Supersized lorries could pose a risk to motorcyclists & other road users

Safety experts are warning that new 61ft lorries could pose a risk to motorcyclists when they hit the roads later this month

Supersized lorries could pose a risk to motorcyclists & other road users

NEW legislation has been passed in the UK to allow so-called ‘super lorries’ onto the UK’s road network. May 31st 2023 will be the date that the new longer lorries can begin hitting the roads.

The new trucks are up to 61ft (18.55m) long, more than 2m (6ft 9in) longer than the longest standard trucks already on the road. While the benefits of the new trucks are obvious - more space means more loads carried and therefore more efficient logistics - safety campaigners are warning they could pose a risk to vulnerable road users including motorcyclists.

If you have ever been caught up alongside an articulated lorry at a roundabout, you’ll know how much of a bum-clenching moment it is, as the trailer of the vehicle snakes into your lane as it negotiates the turn. No matter how clearly you can see the driver’s face in the rearview mirror of the cab’, there is always that worrying thought that the driver might not have spotted you as you patiently await your fate. More often than not they have spotted you, although there are occasions when this doesn’t happen, and the result is a written-off motorcycle and quite possibly injury to the rider.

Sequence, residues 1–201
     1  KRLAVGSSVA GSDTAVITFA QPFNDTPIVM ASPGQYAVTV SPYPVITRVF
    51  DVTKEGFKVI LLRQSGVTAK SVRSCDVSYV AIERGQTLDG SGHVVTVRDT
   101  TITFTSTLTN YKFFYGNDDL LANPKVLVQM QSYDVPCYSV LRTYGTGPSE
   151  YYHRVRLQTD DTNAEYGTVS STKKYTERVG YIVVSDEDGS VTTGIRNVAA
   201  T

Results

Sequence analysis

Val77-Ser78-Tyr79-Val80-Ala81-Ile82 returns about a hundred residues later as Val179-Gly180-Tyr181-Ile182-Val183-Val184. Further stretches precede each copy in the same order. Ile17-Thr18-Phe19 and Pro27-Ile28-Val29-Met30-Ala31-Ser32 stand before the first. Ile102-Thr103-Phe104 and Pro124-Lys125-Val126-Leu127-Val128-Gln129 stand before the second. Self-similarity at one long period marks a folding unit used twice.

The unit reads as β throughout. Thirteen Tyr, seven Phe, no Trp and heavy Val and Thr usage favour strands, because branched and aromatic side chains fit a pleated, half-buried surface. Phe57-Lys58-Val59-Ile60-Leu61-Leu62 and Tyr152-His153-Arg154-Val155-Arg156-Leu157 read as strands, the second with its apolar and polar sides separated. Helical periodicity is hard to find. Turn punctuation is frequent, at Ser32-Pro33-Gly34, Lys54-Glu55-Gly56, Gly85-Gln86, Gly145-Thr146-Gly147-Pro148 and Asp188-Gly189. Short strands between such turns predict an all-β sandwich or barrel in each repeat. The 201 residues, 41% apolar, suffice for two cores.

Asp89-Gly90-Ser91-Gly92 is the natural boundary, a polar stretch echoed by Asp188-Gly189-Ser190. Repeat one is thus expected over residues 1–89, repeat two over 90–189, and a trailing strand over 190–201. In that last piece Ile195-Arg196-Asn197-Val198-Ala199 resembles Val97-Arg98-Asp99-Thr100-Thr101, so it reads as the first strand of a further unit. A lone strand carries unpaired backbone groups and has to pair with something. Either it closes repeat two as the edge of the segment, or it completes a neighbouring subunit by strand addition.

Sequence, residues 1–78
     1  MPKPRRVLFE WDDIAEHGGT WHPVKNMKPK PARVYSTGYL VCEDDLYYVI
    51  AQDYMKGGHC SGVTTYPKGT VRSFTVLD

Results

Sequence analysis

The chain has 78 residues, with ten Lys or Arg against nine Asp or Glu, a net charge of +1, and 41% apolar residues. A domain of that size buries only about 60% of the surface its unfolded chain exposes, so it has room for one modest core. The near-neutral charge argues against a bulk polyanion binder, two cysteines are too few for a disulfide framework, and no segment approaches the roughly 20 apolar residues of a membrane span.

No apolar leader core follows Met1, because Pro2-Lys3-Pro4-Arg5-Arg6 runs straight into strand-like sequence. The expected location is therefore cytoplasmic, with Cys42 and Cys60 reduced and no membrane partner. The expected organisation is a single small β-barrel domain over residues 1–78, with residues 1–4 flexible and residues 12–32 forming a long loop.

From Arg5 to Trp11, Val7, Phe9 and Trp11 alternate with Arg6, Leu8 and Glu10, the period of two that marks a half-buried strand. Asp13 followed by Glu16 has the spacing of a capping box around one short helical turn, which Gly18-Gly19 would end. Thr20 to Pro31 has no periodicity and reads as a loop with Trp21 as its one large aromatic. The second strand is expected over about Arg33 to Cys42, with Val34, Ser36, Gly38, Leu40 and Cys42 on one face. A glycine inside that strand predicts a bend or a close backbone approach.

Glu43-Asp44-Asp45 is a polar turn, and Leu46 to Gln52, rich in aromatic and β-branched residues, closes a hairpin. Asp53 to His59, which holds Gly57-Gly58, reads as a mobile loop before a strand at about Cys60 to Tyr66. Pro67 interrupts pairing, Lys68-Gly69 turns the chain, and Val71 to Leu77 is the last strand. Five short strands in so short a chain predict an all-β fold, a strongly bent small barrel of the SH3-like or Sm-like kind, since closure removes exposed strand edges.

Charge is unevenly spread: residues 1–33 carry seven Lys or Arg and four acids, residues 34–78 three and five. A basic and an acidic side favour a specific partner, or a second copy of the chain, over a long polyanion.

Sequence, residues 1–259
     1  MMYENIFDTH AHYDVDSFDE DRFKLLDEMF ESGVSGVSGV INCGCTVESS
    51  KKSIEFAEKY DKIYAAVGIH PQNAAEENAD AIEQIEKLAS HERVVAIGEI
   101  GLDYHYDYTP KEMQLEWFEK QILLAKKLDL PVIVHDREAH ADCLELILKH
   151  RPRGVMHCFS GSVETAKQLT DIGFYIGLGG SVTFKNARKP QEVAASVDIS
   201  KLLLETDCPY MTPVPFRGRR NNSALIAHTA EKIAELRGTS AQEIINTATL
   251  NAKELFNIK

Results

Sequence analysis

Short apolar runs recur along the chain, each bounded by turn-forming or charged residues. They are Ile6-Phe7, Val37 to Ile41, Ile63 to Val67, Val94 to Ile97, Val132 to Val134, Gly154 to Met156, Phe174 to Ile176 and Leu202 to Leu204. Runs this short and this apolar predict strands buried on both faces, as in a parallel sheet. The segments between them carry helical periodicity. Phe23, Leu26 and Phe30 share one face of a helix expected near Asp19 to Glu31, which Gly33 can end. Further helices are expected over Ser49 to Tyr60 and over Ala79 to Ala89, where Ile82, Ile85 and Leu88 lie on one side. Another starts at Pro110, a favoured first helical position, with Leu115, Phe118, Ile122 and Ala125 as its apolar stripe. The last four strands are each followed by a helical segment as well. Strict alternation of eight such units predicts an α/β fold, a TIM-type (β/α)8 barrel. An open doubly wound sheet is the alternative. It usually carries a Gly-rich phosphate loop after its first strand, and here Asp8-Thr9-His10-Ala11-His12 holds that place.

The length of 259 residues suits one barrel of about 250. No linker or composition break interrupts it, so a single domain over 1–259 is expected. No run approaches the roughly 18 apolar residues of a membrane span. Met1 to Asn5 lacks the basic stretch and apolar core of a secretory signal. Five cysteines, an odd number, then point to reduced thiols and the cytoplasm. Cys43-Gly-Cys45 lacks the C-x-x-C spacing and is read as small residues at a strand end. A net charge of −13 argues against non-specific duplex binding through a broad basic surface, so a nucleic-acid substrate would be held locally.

It’s situations like this that are being highlighted by safety campaigners, although there is another issue with the super-sized rigs. While the building of more smart motorways has been canned, we are now stuck with hundreds of miles of the roads in the UK, most without a full-time hard shoulder which has been replaced by emergency refuge areas. These supposed safe spaces are around 100m in length, meaning a truck with a blown-out tyre will be taking up almost all of the available space and leaving little to no room for another car or motorcycle rider. Should you have a terminal engine or electrical problem with your bike, how are you supposed to make it to the next refuge in a safe manner?

The thinking behind the trucks is, predictably, revenue. The Mail Online reports that one super truck could remove a standard-sized one from the road after every twelfth load carried, something the government thinks is worth £7 billion in around five years.

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